Conversations with Angie: Does evidence of editorial work on the Bible imply that God did not inspire the writings?
Since it had been so long since we started our conversation, and since the conversation seemed to be dying a premature death, and since I hate to leave things undone, I went ahead and started replying to the rest of her email.
I was just reading over that old email, and there are two more things I wanted to respond to. Here's the first:
"On one hand, I was studying biblical literature - reading commentary from Christians and non-Christians, and learning about the "integrity" of the biblical texts. I found that it wasn't as I had learned, and had been edited various times throughout history, which I felt negated the claim that it is complete as is, and completely inspired of God."
Like I said, I'm going to try to keep this short, and there are only two points I want to make in response to this.
It's hard to respond to such a broad statement about the Bible. As you know, the Bible is a collection of various writings; it isn't just one book. So the way it was written varies from book to book, and the manuscript evidence we have is better with some books than with others.
The evidence for the New Testament is better than the evidence for the Old Testament, because the earliest copies we have date closer to their originals than most of the old testament, and we have far more early copies of new testament books than old testament books.
So let me talk about the New Testament first. I agree that the New Testament has evidence of editorial work. This is especially evident in the gospels. Some scholars think 2 Corinthians is a compilation of at least two different letters of Paul. Some say as many as six. This editorial work is perfectly consistent with the idea that the Bible is inspired by God. God didn't put the authors in a trance and write through them in one sitting. The authors' minds were obviously engaged in the whole affair, and God's inspiration implies only that he guided the process. The process could have involved using sources, and making revisions, until a final product was arrived at. Nothing about that negates the idea that God inspired the writings.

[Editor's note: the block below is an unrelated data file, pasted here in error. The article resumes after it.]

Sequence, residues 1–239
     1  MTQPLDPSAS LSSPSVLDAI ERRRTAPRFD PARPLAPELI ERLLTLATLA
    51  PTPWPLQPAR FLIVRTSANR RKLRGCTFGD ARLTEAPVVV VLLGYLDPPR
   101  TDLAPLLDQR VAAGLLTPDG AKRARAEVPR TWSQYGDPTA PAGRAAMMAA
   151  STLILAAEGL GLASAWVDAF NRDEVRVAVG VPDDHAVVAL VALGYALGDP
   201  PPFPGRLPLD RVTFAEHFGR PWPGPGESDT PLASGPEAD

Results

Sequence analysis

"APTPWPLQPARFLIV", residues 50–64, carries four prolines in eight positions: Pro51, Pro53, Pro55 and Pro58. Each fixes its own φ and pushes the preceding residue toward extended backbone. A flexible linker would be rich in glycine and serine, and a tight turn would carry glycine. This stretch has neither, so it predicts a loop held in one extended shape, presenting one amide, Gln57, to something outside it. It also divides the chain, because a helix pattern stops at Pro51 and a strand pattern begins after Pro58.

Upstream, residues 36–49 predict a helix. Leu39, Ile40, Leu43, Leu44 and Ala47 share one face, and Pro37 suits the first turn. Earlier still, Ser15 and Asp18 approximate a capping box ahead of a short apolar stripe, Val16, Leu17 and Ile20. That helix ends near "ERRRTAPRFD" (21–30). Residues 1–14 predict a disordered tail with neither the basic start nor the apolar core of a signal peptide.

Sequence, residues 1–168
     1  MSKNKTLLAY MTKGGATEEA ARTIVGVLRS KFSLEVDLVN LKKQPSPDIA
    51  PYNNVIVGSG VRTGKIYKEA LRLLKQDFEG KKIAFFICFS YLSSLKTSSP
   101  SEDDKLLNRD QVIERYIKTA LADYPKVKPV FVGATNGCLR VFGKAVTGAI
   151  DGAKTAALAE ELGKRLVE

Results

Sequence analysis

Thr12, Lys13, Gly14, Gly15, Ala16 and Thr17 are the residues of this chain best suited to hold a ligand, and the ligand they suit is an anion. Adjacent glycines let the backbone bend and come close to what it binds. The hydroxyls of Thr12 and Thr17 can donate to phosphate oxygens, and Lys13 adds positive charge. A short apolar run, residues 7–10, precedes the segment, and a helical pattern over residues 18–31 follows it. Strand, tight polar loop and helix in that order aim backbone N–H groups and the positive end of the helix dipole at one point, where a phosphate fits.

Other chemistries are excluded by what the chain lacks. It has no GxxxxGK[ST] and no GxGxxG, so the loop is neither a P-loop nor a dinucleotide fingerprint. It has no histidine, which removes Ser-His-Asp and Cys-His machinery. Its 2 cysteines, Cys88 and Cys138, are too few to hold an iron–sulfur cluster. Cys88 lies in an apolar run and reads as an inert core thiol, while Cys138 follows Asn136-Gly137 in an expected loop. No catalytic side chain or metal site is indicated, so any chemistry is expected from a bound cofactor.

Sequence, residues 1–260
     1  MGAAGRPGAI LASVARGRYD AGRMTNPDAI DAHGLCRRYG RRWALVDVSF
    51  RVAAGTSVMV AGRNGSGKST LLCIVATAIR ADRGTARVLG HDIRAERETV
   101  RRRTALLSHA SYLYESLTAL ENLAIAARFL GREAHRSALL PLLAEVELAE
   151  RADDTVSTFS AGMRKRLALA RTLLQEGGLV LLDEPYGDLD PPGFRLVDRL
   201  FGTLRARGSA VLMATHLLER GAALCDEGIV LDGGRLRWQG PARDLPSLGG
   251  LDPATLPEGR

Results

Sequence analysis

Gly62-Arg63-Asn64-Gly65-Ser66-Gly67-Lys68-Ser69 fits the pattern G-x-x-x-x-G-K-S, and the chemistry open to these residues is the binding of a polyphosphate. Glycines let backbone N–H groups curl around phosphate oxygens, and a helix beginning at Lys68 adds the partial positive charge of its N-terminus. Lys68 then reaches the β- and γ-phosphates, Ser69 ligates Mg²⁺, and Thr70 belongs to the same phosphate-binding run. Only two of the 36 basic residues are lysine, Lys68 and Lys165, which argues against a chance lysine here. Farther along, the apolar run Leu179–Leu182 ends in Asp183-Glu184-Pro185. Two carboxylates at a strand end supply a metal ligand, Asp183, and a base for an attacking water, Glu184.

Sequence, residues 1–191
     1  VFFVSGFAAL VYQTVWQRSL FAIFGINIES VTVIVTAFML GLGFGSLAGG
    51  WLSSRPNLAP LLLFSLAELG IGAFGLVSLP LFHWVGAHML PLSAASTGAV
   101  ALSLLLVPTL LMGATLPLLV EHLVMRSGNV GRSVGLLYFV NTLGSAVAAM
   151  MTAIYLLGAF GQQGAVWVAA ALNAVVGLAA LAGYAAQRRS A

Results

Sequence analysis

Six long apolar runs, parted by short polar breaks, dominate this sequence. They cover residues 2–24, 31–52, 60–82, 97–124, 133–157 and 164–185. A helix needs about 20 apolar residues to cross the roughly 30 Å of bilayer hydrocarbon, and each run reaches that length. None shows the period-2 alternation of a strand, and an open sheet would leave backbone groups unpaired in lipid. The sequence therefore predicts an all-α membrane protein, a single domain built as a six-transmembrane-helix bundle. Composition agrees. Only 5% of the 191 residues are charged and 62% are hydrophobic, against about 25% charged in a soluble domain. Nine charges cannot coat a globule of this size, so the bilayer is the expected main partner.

There are textual variants in the manuscript evidence, which shows that later editorial work was done on the New Testament, but there are enough old manuscripts that it's not too hard to discover what the originals said. The whole field of textual criticism involves itself in this kind of research. Bruce Metzger has a good book on the subject where he discusses the evidence and the techniques textual critics use. The Nestle Alands 27th edition is the result of years of work in textual criticism. The integrety of the New Testament is actually pretty good.
The old testament is not as certain, because we don't even know when several of the books were written. Most of the scholarly literature on the old testament is highly speculative. But, like the new testament, it does seem clear that the authors used sources (sometimes each other) and that some editorial work was done. Again, this seems consistent with the idea that God inspired the texts.
The question of whether the old testament has been accurately preserved is not as clear as it is with the new testament. The oldest manuscripts we have come from the scrolls at Qumran that were found in the 1940's. Before those were found, the earliest we had dated from the middle ages. Some people speculate that since the Qumran scrolls are so consistent with the later copies, that we can have some confidence in the carefulness with which scribes have preserved the old testament writings even before Qumran. This, I don't know about. I know far more about the literary history of the new testament than the old testament.
I realize I've been avoiding specific discussion, but I hope my reasons are obvious. The Anchor Bible commentary series is HUGE, and each volume discusses the various views about the literary history of its subject. This discussion would be unending if I got into specifics. I told you I'd try to keep this short.
to be continued...
Conversations with Angie: Could Christianity be true even if the Bible was not inspired by God?